Wednesday, August 17, 2011
Last year, I taught Property for the first time. I used the Sprankling/Coletta casebook, which I found easy to teach and my students found easy to understand. I supplemented the casebook with materials and exercises drawn from my 10 years of real estate practice. When I received my evaluations at the end of the semester, the students’ refrain was that they appreciated my attempt to mix doctrine, theory, and real world application. My goal, which, based on their exam performance, I think I accomplished, was not to replace doctrine and theory with practice problems, but to use real world problems to illuminate the doctrine and help them see Property as I do – as an endlessly fascinating area of the law.
One weakness of my approach last year was that it was fairly haphazard. I came up with “brilliant” ideas of how to illustrate a particular principle a few days or the night before class. I pulled forms or example documents from my library or from the Internet, and then tried at the last minute to weave those examples in to my plans for class. As a result, I hadn’t had time to fully think about the best way to utilize those materials.
So one of my big projects this summer has been to organize and refine the exercises I used last year, and to add new exercises. Before I teach again in the Spring, I will have an electronic casebook supplement to distribute to my class, which will have exercises for every major subject we talk about in class. Some are simply real world hypos where the student is asked to advise a client on their legal options. (Last year, they had several opportunities to write a short memo about a problem and e-mail it to me. I made quick comments and handed them back.) Many of the hypos are based on real cases, so after working through the problem, students can be told how that case was actually resolved. Two exercises that I’m still working on, but I think are most promising, involve zoning and the sale of a home.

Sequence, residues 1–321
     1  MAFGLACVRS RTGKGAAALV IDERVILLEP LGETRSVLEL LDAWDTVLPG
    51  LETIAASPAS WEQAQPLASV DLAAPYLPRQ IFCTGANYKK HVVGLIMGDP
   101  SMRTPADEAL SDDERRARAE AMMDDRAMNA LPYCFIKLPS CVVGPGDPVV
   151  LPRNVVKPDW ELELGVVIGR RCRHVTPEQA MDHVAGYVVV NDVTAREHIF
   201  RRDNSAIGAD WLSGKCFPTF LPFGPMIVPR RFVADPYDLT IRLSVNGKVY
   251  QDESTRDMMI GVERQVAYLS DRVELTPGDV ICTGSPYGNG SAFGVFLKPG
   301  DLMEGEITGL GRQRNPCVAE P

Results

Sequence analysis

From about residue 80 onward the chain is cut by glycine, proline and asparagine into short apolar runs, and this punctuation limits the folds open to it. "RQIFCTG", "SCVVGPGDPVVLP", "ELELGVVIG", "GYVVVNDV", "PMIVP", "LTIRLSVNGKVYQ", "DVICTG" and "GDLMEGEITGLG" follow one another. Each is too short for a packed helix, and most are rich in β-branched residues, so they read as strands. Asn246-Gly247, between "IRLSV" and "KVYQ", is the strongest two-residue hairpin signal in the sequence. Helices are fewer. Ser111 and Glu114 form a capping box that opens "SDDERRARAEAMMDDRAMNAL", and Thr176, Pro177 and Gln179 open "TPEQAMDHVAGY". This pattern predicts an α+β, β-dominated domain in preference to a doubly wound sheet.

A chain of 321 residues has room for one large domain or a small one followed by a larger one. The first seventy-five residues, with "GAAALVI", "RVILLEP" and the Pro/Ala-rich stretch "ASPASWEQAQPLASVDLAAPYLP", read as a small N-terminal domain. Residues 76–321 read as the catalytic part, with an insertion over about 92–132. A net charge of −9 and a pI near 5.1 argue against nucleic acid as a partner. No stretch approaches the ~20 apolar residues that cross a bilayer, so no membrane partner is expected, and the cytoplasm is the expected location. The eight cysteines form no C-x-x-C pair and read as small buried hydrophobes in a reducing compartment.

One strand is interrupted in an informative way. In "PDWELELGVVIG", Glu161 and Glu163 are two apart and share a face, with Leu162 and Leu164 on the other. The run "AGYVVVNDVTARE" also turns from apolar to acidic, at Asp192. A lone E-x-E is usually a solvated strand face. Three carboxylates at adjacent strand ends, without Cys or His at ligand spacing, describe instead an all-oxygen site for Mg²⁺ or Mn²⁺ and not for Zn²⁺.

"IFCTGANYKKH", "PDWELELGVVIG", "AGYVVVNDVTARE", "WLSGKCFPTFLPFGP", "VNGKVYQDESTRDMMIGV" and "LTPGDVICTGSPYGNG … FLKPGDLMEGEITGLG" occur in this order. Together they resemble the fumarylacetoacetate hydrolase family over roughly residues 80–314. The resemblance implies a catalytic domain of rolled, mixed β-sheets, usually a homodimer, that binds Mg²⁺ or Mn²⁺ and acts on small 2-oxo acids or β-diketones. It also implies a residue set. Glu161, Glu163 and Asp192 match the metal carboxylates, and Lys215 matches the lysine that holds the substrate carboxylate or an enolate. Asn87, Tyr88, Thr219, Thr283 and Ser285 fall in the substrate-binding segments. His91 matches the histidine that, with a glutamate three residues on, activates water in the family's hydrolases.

For the zoning exercise, students will be asked to represent a homeowner in a community with fairly restrictive zoning. The client’s home was built prior to the zoning and therefore grandfathered in. But sadly, there was a fire. The client obtains a building permit and then begins to rebuild the same house. The neighbors seek an injunction. The students are given the relevant sections of the zoning code and asked to advise their client on the best course of action. What can he do? What should he do?
For the home sale exercise, they will represent a seller of a home and be asked to read and comment on a contract prepared by the buyer on a standard form. Based on information provided to them about what their client wants to accomplish, they will be asked to assess risk and advise their client on a counteroffer.
I did two big exercises like this in class last year, one on the recording acts (which I discussed on the blog) and one involving residential leasing. Each of the big exercises take an entire class period. The hypos can be done outside of class. Although it represents a significant investment of time, I think its worth it.
When I’m finished with the supplement, I’ll be happy to share it with anyone who is interested in looking at it or using some of the exercises in class. The only catch is that you have to give me feedback to make it better!